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Saturday 16 December 2017

Irish in race to line for most medals at transplant games

Ailish O'Hora and Fiona Ellis

IT may have been Friday the 13th but that didn't dampen the spirits of athletes competing in the sixth European Transplant & Dialysis Games yesterday.

These were no ordinary games.

The athletes, many of whom have had liver, kidney or tissue transplants, were celebrating their second chance at life in events like running, cycling, swimming and petanque -- a form of boules played on gravel.

For some there were double celebrations at the Dublin event.

Austrian sister and brother Renata and Thomas Honesch share bone marrow.

When Renata (51) was diagnosed with leukemia in 2002, it was discovered that Thomas (44) was a match and he donated marrow to his sister who competed in the 1,500 metre races at Santry Park yesterday.

Renata, who is also partially sighted, won two medals and her only regret was that the games did not go on for longer.

"It's been a very good time," she said. "The only thing is the trip to Ireland has been too short."

The games, which have been running for 10 years, are the brainchild of Macedonian-born Nick Karantakos who had renal failure before he was 21.


The 71-strong Irish team, which has representatives from 21 counties, have already topped their record from the 2008 games in Germany with more than 50 medals.

Last night it was looking like a race to the finish between the Irish and Hungarian teams for the most amount of medals ahead of the finish today.

But some competitors, showing their fighting spirit, were adamant that Ireland could still bring home the gold.

Regina Hennelly (28) from Manulla, Co Mayo, receives kidney dialysis and was holding out for her team yesterday.

"Of course the Irish team can win," said Regina, who has won four medals so far.

Earlier in the week, liver transplant survivor Charlie Ryan also had a double celebration.

Not only did the Cobh native retain his darts gold medal title at DCU, but he was also celebrating the three-year anniversary of his transplant.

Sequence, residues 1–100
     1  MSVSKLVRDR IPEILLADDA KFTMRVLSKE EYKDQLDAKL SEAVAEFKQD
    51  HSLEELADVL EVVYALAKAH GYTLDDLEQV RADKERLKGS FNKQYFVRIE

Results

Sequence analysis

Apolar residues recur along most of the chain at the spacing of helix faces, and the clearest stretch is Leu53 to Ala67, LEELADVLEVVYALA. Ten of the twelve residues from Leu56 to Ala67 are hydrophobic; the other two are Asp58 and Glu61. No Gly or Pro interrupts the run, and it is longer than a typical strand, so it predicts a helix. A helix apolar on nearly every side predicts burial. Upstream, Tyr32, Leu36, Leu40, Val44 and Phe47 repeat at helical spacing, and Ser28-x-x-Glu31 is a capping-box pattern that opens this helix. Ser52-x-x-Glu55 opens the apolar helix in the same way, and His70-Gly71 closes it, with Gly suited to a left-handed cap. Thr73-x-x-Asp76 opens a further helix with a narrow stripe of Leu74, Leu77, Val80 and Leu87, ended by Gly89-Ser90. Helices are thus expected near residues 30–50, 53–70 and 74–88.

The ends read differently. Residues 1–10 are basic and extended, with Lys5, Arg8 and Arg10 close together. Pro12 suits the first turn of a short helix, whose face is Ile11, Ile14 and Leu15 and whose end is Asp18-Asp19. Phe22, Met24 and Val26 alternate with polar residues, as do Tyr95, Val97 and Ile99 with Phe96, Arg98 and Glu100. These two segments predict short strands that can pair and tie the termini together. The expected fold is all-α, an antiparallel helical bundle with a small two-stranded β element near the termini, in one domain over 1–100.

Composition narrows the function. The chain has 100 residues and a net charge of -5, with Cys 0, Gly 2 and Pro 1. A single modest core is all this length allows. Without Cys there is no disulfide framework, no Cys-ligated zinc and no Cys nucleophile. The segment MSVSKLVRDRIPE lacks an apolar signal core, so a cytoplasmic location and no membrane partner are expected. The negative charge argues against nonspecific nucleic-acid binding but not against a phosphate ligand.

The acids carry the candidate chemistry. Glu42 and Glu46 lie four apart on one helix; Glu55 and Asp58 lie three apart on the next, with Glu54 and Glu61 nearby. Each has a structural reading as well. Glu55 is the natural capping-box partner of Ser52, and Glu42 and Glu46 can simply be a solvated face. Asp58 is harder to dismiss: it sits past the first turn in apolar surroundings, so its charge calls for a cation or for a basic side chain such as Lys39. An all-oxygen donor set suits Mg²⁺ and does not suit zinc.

Charlie said: "It's a very special day and I've more than one thing to celebrate."

No stranger to drama, Ryan took the glory in his stride.

A former seaman, he was the skipper on the ferry that shipped prisoners from Cork to the jail on Spike Island for 10 years and only retired when the centre closed in 2004.

He was also on duty the night a riot broke out at the youth correctional facility in 1985 when the inmates mutinied and briefly controlled the island.

"We had to ship the gardai on to the island to get things under control," he said yesterday, celebrating his win with the darts team he plays with at his local pub in Cobh, The Quarry Cock.

Elsewhere in the university-campus-turned-sports grounds, Monica Finn, from Athlone Road, Co Roscommon, was in valiant form.

The two-time kidney recipient and mother of three also survived cancer in 2008.

She won two medals -- for cycling and darts.

"When I got cancer I never thought I would make it to the games this year," she told the Irish Independent.

"Friends from all around Europe, who I have met through the games, have been asking how I am and it's a brilliant experience."

For Martina Goggin, however, the games mean something quite different.

Four years ago her 26-year-old son Eamonn died following a tragic car accident in Spiddal, Co Galway, and she and her husband Denis donated his organs.

They have also established a foundation to have the first national garden built to commemorate organ and tissue donors at Salthill in Co Galway.

A website, www.strange, has also been set up to promote the park.

"It's a strange but good feeling here at the games," she said yesterday. "But the concept of the foundation and the website is to bring comfort to all affected by organ and tissue donation and I hope it achieves that."

For an organ donor card FREETEXT the word 'DONOR' to 50050.

Irish Independent

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